If the bars I set for myself turn into expectations, then no wonder I can’t celebrate clearing them. And even if I set the bar really high for myself (which I know I do), then anything less becomes a failure. It means I define failure as anything less than the absolute best. It means I define success as doing what is expected of me. There is no room for celebration in that equation.
A lesson in balance: creating the conditions for success but then detaching from the outcome.
On realizing that I’m tired of looking backward, that it’s time to turn forward and cross the bridge in front of me.
But this isn’t a story about that trip. Or even my first months in San Francisco which turned into now six-and-a-half years here. This is a story about what that six-and-a-half-year-old me would have given to know what present me is up to.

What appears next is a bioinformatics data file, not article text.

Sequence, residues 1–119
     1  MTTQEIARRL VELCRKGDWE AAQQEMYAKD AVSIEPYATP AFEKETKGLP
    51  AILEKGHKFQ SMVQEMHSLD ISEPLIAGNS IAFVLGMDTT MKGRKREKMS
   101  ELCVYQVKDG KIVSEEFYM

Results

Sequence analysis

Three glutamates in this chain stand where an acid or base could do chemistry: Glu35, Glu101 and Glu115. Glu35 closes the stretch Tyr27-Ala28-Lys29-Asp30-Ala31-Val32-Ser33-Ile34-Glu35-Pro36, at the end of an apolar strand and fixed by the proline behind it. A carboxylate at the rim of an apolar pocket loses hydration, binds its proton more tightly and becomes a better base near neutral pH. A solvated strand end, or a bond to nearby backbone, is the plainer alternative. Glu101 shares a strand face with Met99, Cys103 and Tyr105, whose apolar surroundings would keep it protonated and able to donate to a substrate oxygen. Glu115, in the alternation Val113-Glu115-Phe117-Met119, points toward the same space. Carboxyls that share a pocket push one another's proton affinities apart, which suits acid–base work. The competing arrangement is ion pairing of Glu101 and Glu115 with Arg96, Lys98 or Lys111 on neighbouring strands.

Process over outcomes
Balancing the buzzing mind
Holidays are about who and what are the most important to us. Reflection and looking forward. Let’s not lose ourselves in the process. Let’s slow down enough to tap into the deepest parts of ourselves and honor those parts first and foremost.
Balance is not just where I put my energy, but also about which direction it flows.
I’m trying to recognize when the excitement to do one of “all of the things” comes from the place in my brain that buzzes when it’s distracted by something new or when it feels hyped up rather than from a place of inner peace and clarity.
As a kid, I looked forward to the last day of school like anyone else. Through the intensity and stress of April and May exams and final essays, the prospect of three whole months stretching in front of me, filled only with a mindless summer job and gymnastics workouts, seemed a golden light pulling me… Continue reading Tuesday Morning Coffee: Crawling Back